Atlanta Interfaith Manifesto and Atlanta Habitat for Humanity: Engaging and Uniting Our City

Often times, the non-profit that I work for, Atlanta Habitat for Humanity, is noted for its strong Christian roots in Americus, Georgia due to its founder, Millard Fuller. What people usually do not know of this is that Atlanta Habitat was founded south of Atlanta on Koinonia Farm— an intentionally mixed-race community that persisted during the middle of the Jim Crow era. In the 1940s, Koinonia Farm was a progressive community whose simple focus was to bring different races together and provide a space for them to work and live as equals.

Fast forwarding 60 years later to my role at Atlanta Habitat, an affiliate of what is now Habitat for Humanity International; I see those roots and basic principles played out in our current religious climate. After 9-11, Atlanta Habitat saw the need to bring diverse religious congregations together to serve in a peaceful and meaningful way. Since 2002, Atlanta Habitat has built 10 interfaith houses; meaning, Atlanta Habitat has provided the space and opportunity for dozens of diverse congregations and interfaith groups to build a home in partnership. Atlanta Habitat provides a safe space where everyone can put their ‘faith into action’ and serve a greater good – building alongside a qualified and working family who will ultimately purchase an affordable home.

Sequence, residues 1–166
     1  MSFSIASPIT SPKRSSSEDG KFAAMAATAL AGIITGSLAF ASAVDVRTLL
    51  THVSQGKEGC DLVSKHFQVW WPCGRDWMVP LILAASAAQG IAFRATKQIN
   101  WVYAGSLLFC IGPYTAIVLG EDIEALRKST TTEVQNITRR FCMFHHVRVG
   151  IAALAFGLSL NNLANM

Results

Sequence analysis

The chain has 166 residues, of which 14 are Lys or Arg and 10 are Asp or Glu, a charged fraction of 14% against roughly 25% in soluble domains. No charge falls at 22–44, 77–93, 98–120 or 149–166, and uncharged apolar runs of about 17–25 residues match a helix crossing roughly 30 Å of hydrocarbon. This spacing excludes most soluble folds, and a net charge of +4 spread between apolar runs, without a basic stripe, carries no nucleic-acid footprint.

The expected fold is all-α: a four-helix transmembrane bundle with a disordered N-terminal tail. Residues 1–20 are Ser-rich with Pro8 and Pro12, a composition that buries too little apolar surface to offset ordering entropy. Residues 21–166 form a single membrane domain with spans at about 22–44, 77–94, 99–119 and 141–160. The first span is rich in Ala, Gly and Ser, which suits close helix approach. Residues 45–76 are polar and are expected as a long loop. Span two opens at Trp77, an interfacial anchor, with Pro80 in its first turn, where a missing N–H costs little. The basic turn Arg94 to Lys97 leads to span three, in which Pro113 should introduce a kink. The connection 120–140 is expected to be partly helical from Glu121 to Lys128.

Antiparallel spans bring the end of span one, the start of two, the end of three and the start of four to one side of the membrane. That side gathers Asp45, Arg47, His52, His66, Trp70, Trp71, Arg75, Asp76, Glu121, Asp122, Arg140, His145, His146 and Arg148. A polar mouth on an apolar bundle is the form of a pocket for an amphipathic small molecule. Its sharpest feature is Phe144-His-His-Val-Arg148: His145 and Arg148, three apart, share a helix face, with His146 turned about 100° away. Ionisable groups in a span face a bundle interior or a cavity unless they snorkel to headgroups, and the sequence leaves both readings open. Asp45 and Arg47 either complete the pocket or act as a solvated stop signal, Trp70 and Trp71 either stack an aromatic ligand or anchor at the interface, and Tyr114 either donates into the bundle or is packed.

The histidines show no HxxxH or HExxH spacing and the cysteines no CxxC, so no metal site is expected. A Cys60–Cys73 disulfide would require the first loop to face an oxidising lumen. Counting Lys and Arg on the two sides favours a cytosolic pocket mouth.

In being a safe space for interfaith religious cooperation, there have been many growth opportunities in Atlanta that Atlanta Habitat has had the pleasure of witnessing. The Atlanta Interfaith Manifesto is just that, an opportunity to transform Atlanta through engaging and uniting. With the Atlanta Interfaith Manifesto’s goals being to advance interfaith cooperation, marshal religious diversity, and celebrate Atlanta’s diversity, I feel the concept that Millard Fuller lived out in the 1940’s, has re-grounded itself presently in Atlanta, with a focus on working across both racial and religious lines. It is exciting to see support grow for working across lines of differences to advance the common good. Atlanta Habitat is in support of the Atlanta Interfaith Manifesto and will continue to partner in order to advance interfaith harmony in our city.

We will continue to work, build, and partner with organizations, individuals, and congregations to remind Atlanta – and beyond – that our similarities are much greater than our differences.

Haley Hart is a social and civic advocate whose work passionately supports issues she cares deeply for: education and service opportunities across diverse religions and environmental sustainability. Currently, Haley serves as a Sponsorship Coordinator for Atlanta Habitat for Humanity, the sixth largest Habitat affiliate in the world which has been recognized as an ‘Affiliate of Distinction’. Haley’s team raises over $4 million dollars annually and she works directly with 70+ diverse faith groups where she facilitates opportunities for congregations to build together across racial, socio-economic, and faith identity boundaries. These efforts directly support Atlanta Habitat’s home-building programming. Haley serves on the Faith-Advisory Committee for Habitat for Humanity International where she shares her broad experience in helping to create programs and tools for other organizations faith and interfaith engagement programs.